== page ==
What would happen if…?

What would NOT happen if…?

What would happen if I didn’t…?

What would happen if I did…?

Who could solve this problem?

Where can I get information to help me solve this problem?

How would I solve this problem if my life depended on it?

If I could wave a magic wand and fix this problem, what would happen?

What is one thing that would never work and why?

What is one thing that would work and why?

What is the most unusual idea you can think of for the problem?

If you woke up tomorrow and the problem was fixed, what would be different?

What would my best friend/parents/pastor/counselor/boss say?

If I was 20 years older, what would I say to my current self?

What resources do I need to solve the challenge?

How will the problem get worse if I don’t address it?

Step 3: Evaluate the information you’ve gathered. Go through the information and cultivate the potentially good ideas and figure out why the not-so-good ideas aren’t good ideas after all.

Step 4: List out what steps are necessary to accomplish your goal. Make your goal a SMART one. Is it…

SMART Goals

Step 5: Add deadlines to each step. This is exactly what ‘timely’ means. Break your primary goal down into mini steps by making daily, weekly, and monthly goals to reach your ultimate goal.

Step 6: If there are other people involved in your challenge, write down at what step they are responsible. You want to write down who is involved in each step in order to know who is holding you back and who is not.

Step 7: Schedule time to accomplish each step before its deadline. Don’t give yourself an excuse to procrastinate. If there is a step that takes time or you have to rely on other people to get that step done, this is the time to make sure time is scheduled and other people are aware of what their responsibility is and what your deadlines are. Make sure to be assertive and to keep boundaries.

Step 8: Evaluate where you are in the process every week or biweekly (whatever works for you). Go over your SMART goals and make sure everything still applies.

Step 9: Success! On to another challenge.

I guarantee you that if you ask yourself the above questions , you will build more information and be further ahead in ideas. If you utilize the questions with all, or most, of your challenges, they will become second nature and your creative thinking will develop.

Next week, I’ll talk about how we can get out of our comfort zone in order to stimulate creativity to provide us with more solutions and ideas.

Happy New Year, home philosophers!

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Menu Planning + FREE PRINTABLE

source: coopfoodstore.com

source: coopfoodstore.com

I must admit, I hate grocery shopping with a passion. I think it’s just the lazy side of me and I really don’t like spending money. However, it must be done and I am the designated grocery shopper.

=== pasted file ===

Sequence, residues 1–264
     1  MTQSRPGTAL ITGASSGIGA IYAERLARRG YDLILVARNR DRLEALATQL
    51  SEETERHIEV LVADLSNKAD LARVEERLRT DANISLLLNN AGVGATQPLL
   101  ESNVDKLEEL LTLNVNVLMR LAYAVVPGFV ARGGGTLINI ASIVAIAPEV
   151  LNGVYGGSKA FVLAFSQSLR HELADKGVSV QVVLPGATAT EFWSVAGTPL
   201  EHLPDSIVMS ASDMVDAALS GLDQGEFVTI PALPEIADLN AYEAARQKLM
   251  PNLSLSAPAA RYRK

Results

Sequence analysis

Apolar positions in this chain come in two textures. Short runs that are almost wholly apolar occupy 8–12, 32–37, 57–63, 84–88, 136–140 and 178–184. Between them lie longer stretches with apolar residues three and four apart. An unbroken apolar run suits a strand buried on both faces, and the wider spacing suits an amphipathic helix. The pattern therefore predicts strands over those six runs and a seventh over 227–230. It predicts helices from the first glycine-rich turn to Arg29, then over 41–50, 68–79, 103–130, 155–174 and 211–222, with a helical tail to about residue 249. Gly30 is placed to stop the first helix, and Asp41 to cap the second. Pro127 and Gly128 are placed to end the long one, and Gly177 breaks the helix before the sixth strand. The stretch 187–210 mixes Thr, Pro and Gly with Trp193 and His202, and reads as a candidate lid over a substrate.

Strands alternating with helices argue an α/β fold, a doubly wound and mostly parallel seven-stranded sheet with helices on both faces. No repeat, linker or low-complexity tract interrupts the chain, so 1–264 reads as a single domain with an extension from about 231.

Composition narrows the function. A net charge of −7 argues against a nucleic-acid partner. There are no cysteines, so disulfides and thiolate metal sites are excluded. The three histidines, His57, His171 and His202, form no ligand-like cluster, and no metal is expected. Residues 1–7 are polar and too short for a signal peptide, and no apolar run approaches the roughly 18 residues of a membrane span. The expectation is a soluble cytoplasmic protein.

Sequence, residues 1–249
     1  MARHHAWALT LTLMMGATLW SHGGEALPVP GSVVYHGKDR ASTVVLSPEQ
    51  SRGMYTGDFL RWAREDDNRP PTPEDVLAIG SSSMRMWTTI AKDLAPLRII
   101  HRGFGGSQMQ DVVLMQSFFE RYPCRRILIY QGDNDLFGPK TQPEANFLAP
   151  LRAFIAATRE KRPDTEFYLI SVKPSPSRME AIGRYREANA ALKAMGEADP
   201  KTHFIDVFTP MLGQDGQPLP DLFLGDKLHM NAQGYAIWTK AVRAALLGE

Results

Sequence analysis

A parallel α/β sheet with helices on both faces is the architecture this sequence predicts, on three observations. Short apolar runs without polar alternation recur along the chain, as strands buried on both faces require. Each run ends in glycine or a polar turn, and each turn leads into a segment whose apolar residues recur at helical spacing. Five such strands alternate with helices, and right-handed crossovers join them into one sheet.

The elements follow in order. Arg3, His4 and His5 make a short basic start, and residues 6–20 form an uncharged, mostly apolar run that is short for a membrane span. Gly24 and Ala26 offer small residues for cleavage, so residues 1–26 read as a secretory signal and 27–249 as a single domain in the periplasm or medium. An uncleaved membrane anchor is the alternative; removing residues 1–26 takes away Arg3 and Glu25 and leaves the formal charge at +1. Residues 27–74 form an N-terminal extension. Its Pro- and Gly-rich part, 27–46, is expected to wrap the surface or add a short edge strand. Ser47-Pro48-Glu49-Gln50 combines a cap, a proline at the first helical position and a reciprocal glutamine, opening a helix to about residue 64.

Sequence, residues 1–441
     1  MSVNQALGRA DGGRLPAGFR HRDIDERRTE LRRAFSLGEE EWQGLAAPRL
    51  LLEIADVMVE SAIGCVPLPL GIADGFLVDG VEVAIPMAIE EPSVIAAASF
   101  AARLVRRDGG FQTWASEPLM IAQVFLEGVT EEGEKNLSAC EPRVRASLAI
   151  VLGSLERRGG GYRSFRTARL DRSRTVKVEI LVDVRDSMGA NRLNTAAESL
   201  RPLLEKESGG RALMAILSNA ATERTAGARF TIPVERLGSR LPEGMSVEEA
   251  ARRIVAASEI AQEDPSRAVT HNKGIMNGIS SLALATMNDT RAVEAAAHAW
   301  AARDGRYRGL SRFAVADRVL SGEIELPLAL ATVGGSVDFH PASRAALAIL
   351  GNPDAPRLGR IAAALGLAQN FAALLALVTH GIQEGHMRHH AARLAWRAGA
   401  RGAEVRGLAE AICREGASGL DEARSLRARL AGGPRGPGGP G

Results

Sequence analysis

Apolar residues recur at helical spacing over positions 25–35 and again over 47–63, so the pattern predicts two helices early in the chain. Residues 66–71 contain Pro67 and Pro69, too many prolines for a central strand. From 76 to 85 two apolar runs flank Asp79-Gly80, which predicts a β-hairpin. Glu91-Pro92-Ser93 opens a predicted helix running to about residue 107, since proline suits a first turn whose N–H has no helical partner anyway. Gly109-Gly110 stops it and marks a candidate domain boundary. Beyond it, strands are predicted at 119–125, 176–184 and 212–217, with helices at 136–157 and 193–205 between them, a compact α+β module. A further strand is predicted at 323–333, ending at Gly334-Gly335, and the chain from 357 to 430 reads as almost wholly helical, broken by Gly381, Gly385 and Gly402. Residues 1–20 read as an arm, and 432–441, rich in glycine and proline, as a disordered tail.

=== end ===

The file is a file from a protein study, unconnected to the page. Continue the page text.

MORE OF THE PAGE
Each week, I have the task of figuring out which meals to do for the next 7 days. I recycle a lot of meals, but sometimes I like to experiment with a new meal. I would say the majority of the time that experimental meal doesn’t go well. Aside from that catastrophe, I typically use Microsoft Word to organize the meals and shopping list. It works, but it’s not pretty and I’m asked daily what’s for lunch and dinner. And to be quite honest, it’s “out of sight, out of mind,” so sometimes I don’t keep up with it.

To try and remedy that, I made up a Menu Planner and Grocery List printable that I’m going to start using. I’m also going to put it up on the fridge so my dearest can see exactly what’s tasty that day. He’ll probably still ask me though.Menu Planning

I wanted to make it available to my readers in case it could make your life any easier or more aesthetically pleasing.

Download the FREE printable HERE.

Benefits of Menu Planning

1. Saves Time

  • My menu planning motto is, “cook once, eat twice.” That’s why I cook enough for dinner and lunch the next day. This saves my brain from worrying about the next meal.
  • You don’t need to go to the grocery store every day. I like to go once a week.
  • There’s no “What’s for dinner” dilemma. I know in my household, if I don’t have a meal planned, there’s a lot of back and forth of “What do you want for dinner?” “I don’t know, what do you want?” “I have no idea. What sounds good?” “Mmm, I don’t know. What do you think?” Have you had this conversation before? 🙂

 

2. Saves Money

  • I end up spending more money if there’s no menu planned for the week. I’ll get the meal we want at the store and I may not realize that it doesn’t fit into the weekly food budget. If I do this multiple times throughout the week without being conscious of the amount of money each meal is costing, I’ve lost the food budget I had.
  • If there’s no menu planned, I impulse shop as I’m shopping for the meal of the night. I think, “Oh yeah, I may need some lettuce or something within the next few days.” Now I’m just guessing at what I MIGHT need. Many times, that lettuce goes to waste.

 

3. Improved Nutrition

  • With a menu, I am fully aware of how healthy each meal is. If it’s one of those quick trips to the grocery store, we probably didn’t think too much about how healthy the meal is because we’re hungry and just want to be done with it. The menu provides me a way to add in those fruits and vegetables for side dishes and snacks that a daily dash to the store doesn’t.

 

I hope that the FREE template helps you create a more organized, stress free home. If you’d like it more tailored to your needs, let me know!